There are many protocols in existence but the main ones are considered to be the following:
H.323 is an ITU (International Telecommunications Union) approved standard which defines how audio /visual conferencing data is transmitted across a network. H.323 relies on the RTP (Real-Time Transport Protocol) and RTCP (Real Time Control Protocol) on top of UDP (User Datagram Protocol) to deliver audio streams across packet based networks.
G.723.1 defines how an audio signal with a bandwidth of 3.4KHz should be encoded for transmission at data rates of 5.3Kbps and 6.4Kbps. G.723.1 requires a very low transmission rate and delivers near carrier class quality. The VoIP Forum as the baseline Codec for low bit rate IP Telephony has chosen this encoding technique.
G.711. The ITU standardised PCM (Pulse Code Modulation) as G.711. This allows carrier class quality audio signals to be encoded for transmission at data rates of 56Kbps or 64Kbps. G.711 uses A-Law or Mu-Law for amplitude compression and is the baseline requirement for most ITU multimedia communications standards.
Real-Time Transport Protocol (RTP) is the standard protocol for streaming applications developed within the IETF (Internet Engineering Task Force).
Resource Reservation Protocol (RSVP) is the protocol which supports the reservation of resources across an IP network. RSVP can be used to indicate the nature of the packet streams that a node is prepared to receive.
How VoIP works
How VoIP works : Part 1
Let us look at very simple VoIP call. Consider two VoIP telephones connected via an IP network .In this example both VoIP telephones are connected to a local LAN. Sallyâ„¢s phone has an IP address of 192.168.1.1 ,Billâ„¢s phone is 192.168.1.2, the IP addresses uniquely identify the telephones. Both our phones are configured to use a widely used VoIP standard called H.323.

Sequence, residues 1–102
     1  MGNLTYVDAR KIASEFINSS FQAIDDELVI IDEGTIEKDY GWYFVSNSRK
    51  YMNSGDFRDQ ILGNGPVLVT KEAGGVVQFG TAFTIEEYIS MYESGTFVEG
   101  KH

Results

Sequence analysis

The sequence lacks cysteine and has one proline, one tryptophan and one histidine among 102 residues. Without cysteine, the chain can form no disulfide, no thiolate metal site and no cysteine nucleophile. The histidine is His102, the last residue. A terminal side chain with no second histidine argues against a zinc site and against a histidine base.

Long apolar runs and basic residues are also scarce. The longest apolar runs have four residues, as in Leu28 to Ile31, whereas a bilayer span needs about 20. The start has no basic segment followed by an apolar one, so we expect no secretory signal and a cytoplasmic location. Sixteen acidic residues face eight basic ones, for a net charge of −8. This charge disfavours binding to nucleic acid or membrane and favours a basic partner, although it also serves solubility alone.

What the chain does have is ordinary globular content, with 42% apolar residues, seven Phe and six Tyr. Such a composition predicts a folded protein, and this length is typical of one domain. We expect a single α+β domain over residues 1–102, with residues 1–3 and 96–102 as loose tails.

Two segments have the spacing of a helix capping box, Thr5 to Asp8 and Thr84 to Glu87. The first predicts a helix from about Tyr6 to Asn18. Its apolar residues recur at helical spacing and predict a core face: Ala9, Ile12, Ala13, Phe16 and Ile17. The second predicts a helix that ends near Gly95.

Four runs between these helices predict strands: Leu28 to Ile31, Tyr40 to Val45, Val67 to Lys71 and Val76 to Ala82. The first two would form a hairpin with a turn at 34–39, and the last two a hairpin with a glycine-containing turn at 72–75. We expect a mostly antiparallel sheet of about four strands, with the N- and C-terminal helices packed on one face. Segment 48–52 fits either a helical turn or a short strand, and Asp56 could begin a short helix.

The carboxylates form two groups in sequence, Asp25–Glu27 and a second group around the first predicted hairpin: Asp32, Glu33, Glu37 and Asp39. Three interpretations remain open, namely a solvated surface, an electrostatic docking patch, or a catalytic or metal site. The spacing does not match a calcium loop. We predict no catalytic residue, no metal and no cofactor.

Bill wants to talk to Sally and his phone knows the IP address of Sallyâ„¢s phone. Bill lifts the handset and 'dials' Sally, the phone sends a call setup request packet to Sally's phone, Sallyâ„¢s phone starts to ring, and responds to Bill's phone with a call proceeding message. When Sally lifts the handset the phone sends a connect message to Bill's phone. The two phones will now exchange the data packets containing the speech. At the end of the call Bill replaces his handset and phone stops sending voice data sends a disconnect message and Sally's phone responds with a release message. The call is now complete. all the messages contain the Q931 ISDN protocol.
Having introduced VoIP I will now talk about three main 'types' of VoIP installed in the market place today.
Main Ëœtypesâ„¢ VoIP
VoIP has broadly three main branches, which can and do overlap.
VoIP over the Internet This is probably the best known and most publicized, talking PC to PC. Basically free telephone calls. The call is only free if both parties to the call have access to the public Internet at zero cost..
Advantage... free calls regardless of distance or length of call.
Disadvantage.... often the voice quality is bad due to the lack of bandwidth available for the call.
Other factors. Have to use a PC or other computer running VoIP software.
Office to Office A large multinational company will have offices across the whole country. They have a fixed data network connecting all the offices together. This allows every computer access to every other computer in the company. By installing a VoIP Gateway in each office and connecting it to the office legacy PBX and to the data network, employees use the data network for voice calls between offices.